The Wilderness, The Serpent, and Our Savior: A Lenten Journey


Sermon Text: Numbers 21:4-9

As we gather this evening, amid the reflective season of Lent, our attention is drawn to a remarkable narrative found in the book of Numbers—a narrative that recounts the final chapters of the Israelites’ 40-year sojourn in the wilderness. Here, in Numbers 21, we see a people who have witnessed God’s miraculous deliverance and provision. However, they fall into grumbling and discontent against the Lord and Moses. This ancient account may seem remote, even irrelevant to our modern lives. Fiery serpents and bronze images sound strange and mysterious to us. Yet, we find in this story a reflection of our own nature – a nature inclined toward ingratitude and rebellion. We also find the extravagant grace of a God who is “merciful and gracious, slow to anger, and abounding in steadfast love and faithfulness (Exodus 34:6).”

The Israelites are journeying towards the Promised Land, moving from Mount Hor along the route to the Red Sea to go around Edom. Despite having been rescued from slavery in Egypt, they grumble against God and Moses over their circumstances—over their food. They are dissatisfied with God’s supernatural provision to care for them in the wilderness.

“Why have you brought us up out of Egypt to die in the wilderness? For there is no food and no water, and we loathe this worthless food.”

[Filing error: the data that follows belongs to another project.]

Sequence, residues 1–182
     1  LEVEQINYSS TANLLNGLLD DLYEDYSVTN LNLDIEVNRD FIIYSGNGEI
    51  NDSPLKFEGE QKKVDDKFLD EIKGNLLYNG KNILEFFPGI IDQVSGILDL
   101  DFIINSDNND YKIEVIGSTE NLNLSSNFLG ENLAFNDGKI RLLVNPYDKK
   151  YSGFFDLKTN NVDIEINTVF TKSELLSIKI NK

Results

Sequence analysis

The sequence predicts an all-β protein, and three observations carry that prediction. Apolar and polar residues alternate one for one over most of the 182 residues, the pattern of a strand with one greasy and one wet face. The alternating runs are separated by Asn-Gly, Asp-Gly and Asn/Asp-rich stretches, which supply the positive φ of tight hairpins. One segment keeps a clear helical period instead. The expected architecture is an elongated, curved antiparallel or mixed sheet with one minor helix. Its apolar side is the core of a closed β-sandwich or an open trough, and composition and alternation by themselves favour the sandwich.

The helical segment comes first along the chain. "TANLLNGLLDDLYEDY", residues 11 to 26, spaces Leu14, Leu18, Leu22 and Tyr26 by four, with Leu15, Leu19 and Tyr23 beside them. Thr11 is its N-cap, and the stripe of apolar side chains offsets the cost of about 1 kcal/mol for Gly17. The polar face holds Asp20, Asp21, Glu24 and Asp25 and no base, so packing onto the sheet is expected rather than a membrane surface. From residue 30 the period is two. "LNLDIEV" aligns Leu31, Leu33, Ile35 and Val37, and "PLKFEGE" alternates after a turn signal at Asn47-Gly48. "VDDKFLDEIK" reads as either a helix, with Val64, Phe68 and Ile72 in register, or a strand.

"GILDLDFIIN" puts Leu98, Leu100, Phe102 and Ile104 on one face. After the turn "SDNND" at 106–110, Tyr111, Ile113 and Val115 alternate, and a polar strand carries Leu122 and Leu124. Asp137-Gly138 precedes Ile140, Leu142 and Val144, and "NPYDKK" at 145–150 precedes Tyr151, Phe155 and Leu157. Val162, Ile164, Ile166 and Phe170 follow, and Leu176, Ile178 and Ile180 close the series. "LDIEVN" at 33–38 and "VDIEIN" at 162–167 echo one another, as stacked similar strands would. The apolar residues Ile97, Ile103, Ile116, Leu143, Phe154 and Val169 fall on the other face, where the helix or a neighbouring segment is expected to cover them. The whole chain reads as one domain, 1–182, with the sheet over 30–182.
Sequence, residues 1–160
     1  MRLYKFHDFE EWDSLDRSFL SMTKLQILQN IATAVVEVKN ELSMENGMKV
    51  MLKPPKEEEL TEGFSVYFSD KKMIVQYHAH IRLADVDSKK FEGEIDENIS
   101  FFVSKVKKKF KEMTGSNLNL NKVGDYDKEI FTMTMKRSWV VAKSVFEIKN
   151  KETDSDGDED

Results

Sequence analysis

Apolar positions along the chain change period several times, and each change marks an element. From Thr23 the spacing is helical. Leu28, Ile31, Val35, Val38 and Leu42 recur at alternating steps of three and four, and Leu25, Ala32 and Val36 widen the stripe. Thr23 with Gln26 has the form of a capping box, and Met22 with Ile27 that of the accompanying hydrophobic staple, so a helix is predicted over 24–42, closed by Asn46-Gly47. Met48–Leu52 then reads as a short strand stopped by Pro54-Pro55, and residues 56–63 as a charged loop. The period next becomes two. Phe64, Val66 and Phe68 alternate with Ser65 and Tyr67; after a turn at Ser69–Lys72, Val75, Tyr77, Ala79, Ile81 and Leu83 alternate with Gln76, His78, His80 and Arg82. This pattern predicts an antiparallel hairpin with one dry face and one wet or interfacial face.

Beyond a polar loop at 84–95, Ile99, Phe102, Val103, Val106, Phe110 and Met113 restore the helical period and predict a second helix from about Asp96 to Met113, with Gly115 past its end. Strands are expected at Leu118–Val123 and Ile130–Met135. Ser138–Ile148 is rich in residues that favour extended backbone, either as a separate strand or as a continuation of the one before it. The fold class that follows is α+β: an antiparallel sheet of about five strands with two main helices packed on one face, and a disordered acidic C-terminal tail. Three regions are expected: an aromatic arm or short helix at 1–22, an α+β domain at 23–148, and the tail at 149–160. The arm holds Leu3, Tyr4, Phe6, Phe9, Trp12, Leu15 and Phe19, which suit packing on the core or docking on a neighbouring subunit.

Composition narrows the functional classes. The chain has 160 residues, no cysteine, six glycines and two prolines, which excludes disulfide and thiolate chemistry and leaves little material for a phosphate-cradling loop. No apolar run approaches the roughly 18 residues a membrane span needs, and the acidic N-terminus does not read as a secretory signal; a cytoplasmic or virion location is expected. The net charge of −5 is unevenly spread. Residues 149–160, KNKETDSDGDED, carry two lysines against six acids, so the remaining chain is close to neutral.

Numbers 21:5 (ESV)

Have you ever found yourself loathing what God has brought into your life?

This grumbling is not just about physical hunger—it reveals a heart condition that we, too, share. It is a discontent that goes beyond the stomach to the soul. It’s a longing for something more, something better, something that perhaps we remember from a past life or imagine could be found in a different set of circumstances.

Lent is a time for fasting. We deprive ourselves of something physical—something tangible. In a way, this connects us with the wilderness journey of our forebears. The Lenten journey is 40 days long, and the Israelites wandered for 40 years. The Israelites’ lack of Egyptian food uncovered their discontent. Our fasting is a means by which God opens our eyes to our own discontent. It is a time to recognize the ways we grumble against God’s provision—and to confess our longing for the ‘Egypt’ we’ve left behind. It’s a powerful reminder that our ultimate fulfillment doesn’t come from the things of this world—whether that’s food, comfort, success, or even relationships—but from God alone.

The story takes a dramatic turn when God sends fiery serpents among the people in response to their rebellion and lack of faith – their sin. Many Israelites are bitten and die. Our own sin, our own grumbling, our own discontent can bite us just like those serpents. When you entertain and become comfortable with your sin, God will send fiery serpents into your life to discipline you. Because He loves you. This discipline is meant to turn us back to God, and away from our sin.